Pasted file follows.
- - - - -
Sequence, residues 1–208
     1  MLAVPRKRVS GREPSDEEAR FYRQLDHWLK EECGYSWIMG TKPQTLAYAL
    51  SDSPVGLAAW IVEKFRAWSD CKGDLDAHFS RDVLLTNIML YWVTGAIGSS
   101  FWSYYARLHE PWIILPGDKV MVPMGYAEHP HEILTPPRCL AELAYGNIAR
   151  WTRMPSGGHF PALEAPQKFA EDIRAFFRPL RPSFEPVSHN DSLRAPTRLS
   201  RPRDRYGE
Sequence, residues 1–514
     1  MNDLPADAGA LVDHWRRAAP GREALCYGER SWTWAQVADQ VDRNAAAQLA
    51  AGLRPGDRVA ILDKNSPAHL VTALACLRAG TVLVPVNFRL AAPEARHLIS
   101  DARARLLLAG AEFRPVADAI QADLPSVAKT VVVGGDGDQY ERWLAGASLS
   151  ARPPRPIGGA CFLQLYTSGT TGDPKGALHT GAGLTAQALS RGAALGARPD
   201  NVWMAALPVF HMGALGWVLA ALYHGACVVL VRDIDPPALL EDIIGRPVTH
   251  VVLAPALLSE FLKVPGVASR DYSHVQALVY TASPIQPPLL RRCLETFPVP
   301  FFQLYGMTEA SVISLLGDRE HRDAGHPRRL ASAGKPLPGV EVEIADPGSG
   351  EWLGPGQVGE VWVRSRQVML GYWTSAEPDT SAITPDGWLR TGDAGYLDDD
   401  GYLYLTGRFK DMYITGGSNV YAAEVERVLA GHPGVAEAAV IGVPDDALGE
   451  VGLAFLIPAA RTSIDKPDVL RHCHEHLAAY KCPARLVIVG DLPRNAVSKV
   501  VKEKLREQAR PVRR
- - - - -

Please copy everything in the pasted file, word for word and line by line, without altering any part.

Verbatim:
Sequence, residues 1–208
     1  MLAVPRKRVS GREPSDEEAR FYRQLDHWLK EECGYSWIMG TKPQTLAYAL
    51  SDSPVGLAAW IVEKFRAWSD CKGDLDAHFS RDVLLTNIML YWVTGAIGSS
   101  FWSYYARLHE PWIILPGDKV MVPMGYAEHP HEILTPPRCL AELAYGNIAR
   151  WTRMPSGGHF PALEAPQKFA EDIRAFFRPL RPSFEPVSHN DSLRAPTRLS
   201  RPRDRYGE
Sequence, residues 1–514
     1  MNDLPADAGA LVDHWRRAAP GREALCYGER SWTWAQVADQ VDRNAAAQLA
    51  AGLRPGDRVA ILDKNSPAHL VTALACLRAG TVLVPVNFRL AAPEARHLIS
   101  DARARLLLAG AEFRPVADAI QADLPSVAKT VVVGGDGDQY ERWLAGASLS
   151  ARPPRPIGGA CFLQLYTSGT TGDPKGALHT GAGLTAQALS RGAALGARPD
   201  NVWMAALPVF HMGALGWVLA ALYHGACVVL VRDIDPPALL EDIIGRPVTH
   251  VVLAPALLSE FLKVPGVASR DYSHVQALVY TASPIQPPLL RRCLETFPVP
   301  FFQLYGMTEA SVISLLGDRE HRDAGHPRRL ASAGKPLPGV EVEIADPGSG
   351  EWLGPGQVGE VWVRSRQVML GYWTSAEPDT SAITPDGWLR TGDAGYLDDD
   401  GYLYLTGRFK DMYITGGSNV YAAEVERVLA GHPGVAEAAV IGVPDDALGE
   451  VGLAFLIPAA RTSIDKPDVL RHCHEHLAAY KCPARLVIVG DLPRNAVSKV
   501  VKEKLREQAR PVRR